Artistic Scholarship at SCAD

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Old 05 May 2010   #1
Artistic Scholarship at SCAD

Hey, I'm an Israeli seeking an education in animation, but the only way I can attend an American Institution is by obtaining a partial scholarship. From my research, I know that SCAD offers quite a bit of money to entering students. I applied, and got accepted, but with no financial aid. I would very much appreciate any help concerning this issue, as I would like to improve my portfolio and resubmit it. Are there any guidelines I should follow? Any feedback or criticism is highly welcomed as it has always been my dream to be an animator. You can view some of my works on this site.

Thanks, Asi
 
Old 05 May 2010   #2
Art schools usually offer very little foreigners scholarships

One big problem for you is that most US schools, other than the top ivys and a few others, don't offer non-US citizens any financial aid. Foreigners are looked at as "cash cows." I don't know if this is your problem or that you didn't have good enough admission stats to warrant any type of scholarsip.
 
Old 05 May 2010   #3
Originally Posted by taxguy: One big problem for you is that most US schools, other than the top ivys and a few others, don't offer non-US citizens any financial aid. Foreigners are looked at as "cash cows." I don't know if this is your problem or that you didn't have good enough admission stats to warrant any type of scholarsip.


actually domestics are looked at as "cash cows" too. We had a gigantic student outcry when i was in SCAD 1999-2003 becase actual artists barely got scholarships (or got fake schloarships that give you a couple of thousands off but at an inflated tuition price...) while athletes with absolutely no artistic ability (or atrocious abilities) got free rides, because the school felt that it needed a stronger presence in athletic competition.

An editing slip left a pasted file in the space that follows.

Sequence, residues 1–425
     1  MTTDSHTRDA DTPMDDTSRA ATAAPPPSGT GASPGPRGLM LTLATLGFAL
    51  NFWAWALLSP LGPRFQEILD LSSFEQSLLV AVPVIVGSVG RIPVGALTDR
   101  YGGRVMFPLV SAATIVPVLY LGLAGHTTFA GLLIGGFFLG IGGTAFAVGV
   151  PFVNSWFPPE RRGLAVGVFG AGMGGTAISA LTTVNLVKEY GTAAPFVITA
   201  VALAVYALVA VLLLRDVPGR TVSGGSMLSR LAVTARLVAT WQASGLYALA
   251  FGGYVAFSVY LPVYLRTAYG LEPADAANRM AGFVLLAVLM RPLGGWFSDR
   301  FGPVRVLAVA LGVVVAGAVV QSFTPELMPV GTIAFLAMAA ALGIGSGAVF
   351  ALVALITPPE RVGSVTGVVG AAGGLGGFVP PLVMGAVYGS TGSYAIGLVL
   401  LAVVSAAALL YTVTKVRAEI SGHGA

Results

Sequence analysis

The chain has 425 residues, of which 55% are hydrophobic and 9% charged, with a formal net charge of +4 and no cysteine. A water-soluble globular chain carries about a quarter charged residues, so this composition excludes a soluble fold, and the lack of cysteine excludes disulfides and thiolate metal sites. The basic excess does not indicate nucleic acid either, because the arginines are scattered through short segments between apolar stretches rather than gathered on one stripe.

so at the end of the day, you are going to be screwed by scad like everyone else. Shady school. If you can help it, stay away from scad.

oh and by the way, scad accepts everyone. so dont feel special. they just want your money.
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Last edited by stooch : 05 May 2010 at 03:58 AM.
 
Old 05 May 2010   #4
Originally Posted by stooch: actually domestics are looked at as "cash cows" too. We had a gigantic student outcry when i was in SCAD 1999-2003 becase actual artists barely got scholarships (or got fake schloarships that give you a couple of thousands off but at an inflated tuition price...) while athletes with absolutely no artistic ability (or atrocious abilities) got free rides, because the school felt that it needed a stronger presence in athletic competition.

so at the end of the day, you are going to be screwed by scad like everyone else. Shady school. If you can help it, stay away from scad.

oh and by the way, scad accepts everyone. so dont feel special. they just want your money.


Any suggestions on other schools to look at?
 
Old 05 May 2010   #5
look at any school thats not in the middle of nowhere.

georgia has no CG industry, the key to getting a job in CG is to do internships and be local to the businesses you want to work with... The only way a company is going to hire you as an intern is if you can be on site... if you arent then you have to be a badass artist... and if you are a badass artist... you shouldnt be going to CG school in the first place.

so go to a school in california, NYC, boston, etc.

major cities.

also in my opinion, the school you go to doesnt really matter. save money on tuition and learn cg on your own via dvds, books and alot of practice. Of course a college education is important to have, it will make you a better person and more intelligent to talk to... But consider the gigantic loans you have to repay before you sign up for the loans in a school that claims to teach CG... cg placement out of colleges is something like 3-5%.

alot of the work i did in scad as part of classwork was doing existing tutorials... hotshot cg artists usually dont aspire to be a scad professor... they tend to get hired and work on kickass projects. so you are unlikely to get a CG expert unless you go to a speciality school.